The people of Kiribati are going to have to move. Slightly more than 100,000 people live in this country, a chain of 33 atolls in the South Pacific, about as many as live in a small American city like Erie, Pennsylvania, or Flint, Michigan. The islands lie low in the ocean, and as climate change drives the sea level higher, fewer people are going to have the option of living there. The country’s president, Anote Tong, considered surrounding the islands with sea walls or building floating platforms for his constituents to move to. But both those options are expensive, and the country’s cabinet is now backing Tong’s new plan: buy land elsewhere.
Climate-forced migration isn’t supposed to be happening yet. We've always thought the consequences of abusing the earth would hit our children and our children children’s in 2050 and 2100, not in 2012. That’s the easy way to think about climate change, and many Americans do. This past fall, the Yale Project on Climate Change Communication asked survey participants, “How much do you think climate change will harm future generations of people?” Forty percent responded, “A great deal.” How much did they think climate change would have their own families? Forty-eight percent of respondents thought “only a little” or “not at all.”
But families in low-lying areas like Kiribati don’t have the luxury of contemplating the fates of future generations—they must start acting now. While Kiribati is one of the larger communities that’s responding to climate pressures today, it’s not the only one. In Alaska, the thawing ground is eroding out from under coastal villages. About 2,500 Carteret Islanders are working on relocating to Bougainville, a larger island nearby. It’s harder to count the number of people migrating away from the low-lying coastal areas in Bangladesh, but there too, people are already seeking higher ground.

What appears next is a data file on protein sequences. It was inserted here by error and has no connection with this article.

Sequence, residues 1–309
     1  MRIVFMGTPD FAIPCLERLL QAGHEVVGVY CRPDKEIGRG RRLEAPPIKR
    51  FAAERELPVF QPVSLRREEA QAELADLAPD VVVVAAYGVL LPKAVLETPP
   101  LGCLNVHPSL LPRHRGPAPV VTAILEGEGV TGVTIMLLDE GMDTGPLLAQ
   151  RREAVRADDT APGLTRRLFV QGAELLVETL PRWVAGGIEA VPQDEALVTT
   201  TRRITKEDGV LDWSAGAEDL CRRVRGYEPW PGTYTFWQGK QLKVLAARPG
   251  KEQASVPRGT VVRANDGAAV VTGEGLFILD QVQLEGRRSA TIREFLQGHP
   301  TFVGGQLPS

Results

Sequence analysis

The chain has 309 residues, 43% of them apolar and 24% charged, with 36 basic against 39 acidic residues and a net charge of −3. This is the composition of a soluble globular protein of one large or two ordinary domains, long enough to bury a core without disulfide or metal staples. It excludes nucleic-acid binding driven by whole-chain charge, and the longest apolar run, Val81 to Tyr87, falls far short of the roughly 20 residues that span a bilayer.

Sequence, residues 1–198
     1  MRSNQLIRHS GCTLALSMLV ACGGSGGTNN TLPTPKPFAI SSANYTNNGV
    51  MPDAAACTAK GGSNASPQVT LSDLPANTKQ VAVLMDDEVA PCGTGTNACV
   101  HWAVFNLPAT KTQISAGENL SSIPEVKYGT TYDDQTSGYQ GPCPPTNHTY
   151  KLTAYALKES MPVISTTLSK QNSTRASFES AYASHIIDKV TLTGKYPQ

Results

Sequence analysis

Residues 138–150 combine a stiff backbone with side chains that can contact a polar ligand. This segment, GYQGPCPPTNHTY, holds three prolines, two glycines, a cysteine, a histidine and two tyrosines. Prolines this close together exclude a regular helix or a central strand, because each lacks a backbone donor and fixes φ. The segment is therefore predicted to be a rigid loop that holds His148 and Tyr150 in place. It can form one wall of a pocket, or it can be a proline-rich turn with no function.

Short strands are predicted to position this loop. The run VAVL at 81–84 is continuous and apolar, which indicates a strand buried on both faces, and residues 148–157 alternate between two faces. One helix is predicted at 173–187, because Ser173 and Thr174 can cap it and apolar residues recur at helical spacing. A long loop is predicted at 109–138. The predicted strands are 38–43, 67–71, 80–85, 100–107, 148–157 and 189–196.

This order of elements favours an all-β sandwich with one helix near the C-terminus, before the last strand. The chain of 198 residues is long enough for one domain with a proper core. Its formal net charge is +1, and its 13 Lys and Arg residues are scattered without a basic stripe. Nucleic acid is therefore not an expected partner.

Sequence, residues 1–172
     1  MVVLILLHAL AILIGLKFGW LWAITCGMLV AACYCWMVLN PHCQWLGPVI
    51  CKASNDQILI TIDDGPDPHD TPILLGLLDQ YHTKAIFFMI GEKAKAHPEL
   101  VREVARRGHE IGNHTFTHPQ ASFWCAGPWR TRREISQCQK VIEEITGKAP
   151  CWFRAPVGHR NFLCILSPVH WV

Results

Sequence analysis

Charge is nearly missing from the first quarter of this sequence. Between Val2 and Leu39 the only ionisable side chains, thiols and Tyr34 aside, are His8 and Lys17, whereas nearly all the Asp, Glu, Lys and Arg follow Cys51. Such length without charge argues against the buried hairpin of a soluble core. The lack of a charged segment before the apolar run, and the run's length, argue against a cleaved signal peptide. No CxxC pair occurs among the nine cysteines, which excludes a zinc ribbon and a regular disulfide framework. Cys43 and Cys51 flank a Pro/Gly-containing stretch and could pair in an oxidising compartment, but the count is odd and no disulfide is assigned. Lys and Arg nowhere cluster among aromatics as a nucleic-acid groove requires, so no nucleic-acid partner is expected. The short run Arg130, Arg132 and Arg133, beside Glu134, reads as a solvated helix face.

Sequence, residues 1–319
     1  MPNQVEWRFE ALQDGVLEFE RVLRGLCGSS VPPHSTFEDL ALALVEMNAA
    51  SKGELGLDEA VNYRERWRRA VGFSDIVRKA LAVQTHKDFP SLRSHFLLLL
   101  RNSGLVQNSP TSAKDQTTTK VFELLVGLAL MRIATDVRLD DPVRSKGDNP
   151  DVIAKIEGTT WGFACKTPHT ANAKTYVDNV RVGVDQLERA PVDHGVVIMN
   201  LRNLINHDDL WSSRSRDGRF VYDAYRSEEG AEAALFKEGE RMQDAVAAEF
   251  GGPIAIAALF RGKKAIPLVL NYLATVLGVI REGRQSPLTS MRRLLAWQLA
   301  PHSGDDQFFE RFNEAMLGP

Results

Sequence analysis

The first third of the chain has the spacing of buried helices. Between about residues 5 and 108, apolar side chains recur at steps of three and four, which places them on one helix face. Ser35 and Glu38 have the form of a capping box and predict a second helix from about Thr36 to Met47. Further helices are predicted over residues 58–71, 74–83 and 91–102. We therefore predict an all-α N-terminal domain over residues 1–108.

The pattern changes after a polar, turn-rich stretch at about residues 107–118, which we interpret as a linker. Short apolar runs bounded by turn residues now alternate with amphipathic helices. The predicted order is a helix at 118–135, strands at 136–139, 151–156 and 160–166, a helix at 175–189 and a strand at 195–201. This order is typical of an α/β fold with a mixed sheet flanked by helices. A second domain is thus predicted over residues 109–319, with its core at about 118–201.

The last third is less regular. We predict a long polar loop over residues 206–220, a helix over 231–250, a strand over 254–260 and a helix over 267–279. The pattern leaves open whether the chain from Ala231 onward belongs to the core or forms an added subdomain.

In many of these cases, escaping the consequences of climate change means facing new problems. Bougainville, where the Carteret Islanders could move, is still recovering from a civil war. The population of Kiribati may move to Fiji, where the government has been curtailing civil liberties in recent years. As the former president of the Maldives, Mohamend Nasheed, found out when he considered migration, people don’t want to leave their homes: One women bit and kicked him when he suggested she might have to move to a neighboring island, he told Foreign Policy.
Climate migration can seem like a far away problem. In the Yale survey, half of respondents thought climate change would harm people in developing countries “a great deal” or “a moderate amount.” But climate change could force people in America to abandon their homes, too. This past year in Texas, as the drought wore on, towns started running out of water. These aren’t future problems; they’re current problems. And they aren’t just affecting far-off islands; they’re here, too.